The Wall Street Journal
Photo-Op: Star Man
Ginger Rogers, Jimmy Stewart, Loretta Young and other stars of Golden Age Hollywood are featured in a collection of work by the photographer George Hurrell.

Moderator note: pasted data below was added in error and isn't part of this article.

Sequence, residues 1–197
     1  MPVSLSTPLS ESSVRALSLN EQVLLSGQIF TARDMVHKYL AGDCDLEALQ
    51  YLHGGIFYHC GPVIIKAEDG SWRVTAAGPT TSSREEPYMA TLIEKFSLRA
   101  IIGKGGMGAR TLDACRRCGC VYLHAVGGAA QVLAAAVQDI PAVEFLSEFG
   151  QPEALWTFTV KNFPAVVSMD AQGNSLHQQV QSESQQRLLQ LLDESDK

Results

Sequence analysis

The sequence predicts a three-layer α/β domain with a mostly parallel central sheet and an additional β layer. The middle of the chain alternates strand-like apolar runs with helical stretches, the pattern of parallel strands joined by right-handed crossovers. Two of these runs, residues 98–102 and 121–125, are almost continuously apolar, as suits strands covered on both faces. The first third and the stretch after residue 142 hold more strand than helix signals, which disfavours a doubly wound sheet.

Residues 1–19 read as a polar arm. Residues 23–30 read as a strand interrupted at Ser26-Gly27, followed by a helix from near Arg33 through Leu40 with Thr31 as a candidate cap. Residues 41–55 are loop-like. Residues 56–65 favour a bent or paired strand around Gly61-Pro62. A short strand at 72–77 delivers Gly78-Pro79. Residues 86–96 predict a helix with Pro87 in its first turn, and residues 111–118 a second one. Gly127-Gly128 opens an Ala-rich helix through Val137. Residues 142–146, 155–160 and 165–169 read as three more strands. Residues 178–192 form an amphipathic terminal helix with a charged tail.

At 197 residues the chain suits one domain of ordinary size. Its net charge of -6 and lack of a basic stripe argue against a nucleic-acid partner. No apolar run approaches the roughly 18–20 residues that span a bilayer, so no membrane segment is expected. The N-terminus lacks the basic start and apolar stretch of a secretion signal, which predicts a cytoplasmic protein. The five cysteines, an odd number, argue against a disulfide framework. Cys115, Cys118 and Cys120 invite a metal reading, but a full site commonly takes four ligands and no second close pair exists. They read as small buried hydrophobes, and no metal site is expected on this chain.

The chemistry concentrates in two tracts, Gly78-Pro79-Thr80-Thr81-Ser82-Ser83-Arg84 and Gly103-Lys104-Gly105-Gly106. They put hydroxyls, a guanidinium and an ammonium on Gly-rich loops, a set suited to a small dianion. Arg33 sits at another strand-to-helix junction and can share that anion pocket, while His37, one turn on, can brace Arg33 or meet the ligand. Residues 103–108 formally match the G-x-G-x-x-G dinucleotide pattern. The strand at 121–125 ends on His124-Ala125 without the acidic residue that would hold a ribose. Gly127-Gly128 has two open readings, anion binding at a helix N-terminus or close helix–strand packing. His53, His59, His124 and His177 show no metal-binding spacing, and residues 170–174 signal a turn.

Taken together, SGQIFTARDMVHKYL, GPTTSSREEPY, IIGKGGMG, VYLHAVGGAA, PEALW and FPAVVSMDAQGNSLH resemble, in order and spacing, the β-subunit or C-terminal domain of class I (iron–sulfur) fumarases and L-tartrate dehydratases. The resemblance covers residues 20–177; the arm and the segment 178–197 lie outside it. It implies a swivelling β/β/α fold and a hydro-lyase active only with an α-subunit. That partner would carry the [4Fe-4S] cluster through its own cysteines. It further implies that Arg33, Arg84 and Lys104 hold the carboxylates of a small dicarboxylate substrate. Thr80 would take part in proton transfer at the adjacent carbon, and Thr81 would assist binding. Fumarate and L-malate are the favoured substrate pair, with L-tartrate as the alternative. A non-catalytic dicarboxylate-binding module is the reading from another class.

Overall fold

When we think of the bygone glamour of Hollywood's golden age, Loretta Young (1913-2000) is not the first name that springs to mind. Primly mannered in person and, often, on screen, she is today probably remembered best for playing the title role in the 1947 holiday classic 'The Bishop's Wife' (though also for bearing a child with Clark Gable, a daughter whose distinctive ears made the affair the biggest open secret in Hollywood). But in the 1930s, when a young starlet wanted to boost her career by turning on the sex appeal, she knew whom to turn to: George Hurrell (1904-92). He pioneered a high-contrast, high-sheen style that defined the look of countless stars, both male and female. Hurrell gave Young an air of mystery by shooting her posed beside a sinuous staircase (above); in another shot, she holds a cigarette clutched between pouted lips. (Perhaps one of these pictures caught Gable's eye.) Each page of 'Hurrell' is another such creation. There's the doe-eyed Ginger Rogers peeking over her shoulder, the sloe-eyed Ann Sheridan on a bear-skin rug, the dangerously curvaceous Jean Harlow perched upon a divan and the just-plain dangerous Joan Crawford (another Gable paramour), whom Hurrell photographed dozens of times: in fur, in form-fitting formal dresses, even backlit in a shockingly transparent gown. Thanks to the high-quality prints used in this edition, you can look at a close-up of Crawford and count each outlandish eyelash that casts a shadow across her sculpted cheeks; distinguish individual follicles in Bogart's famous stubble; even discern the marbled opalescent texture of Jimmy Stewart's pupils as he gazes off the page. The portraits seem more statue than photograph: Far from showing movie stars as untouchable, Hurrell's genius was to make them seem almost within your reach.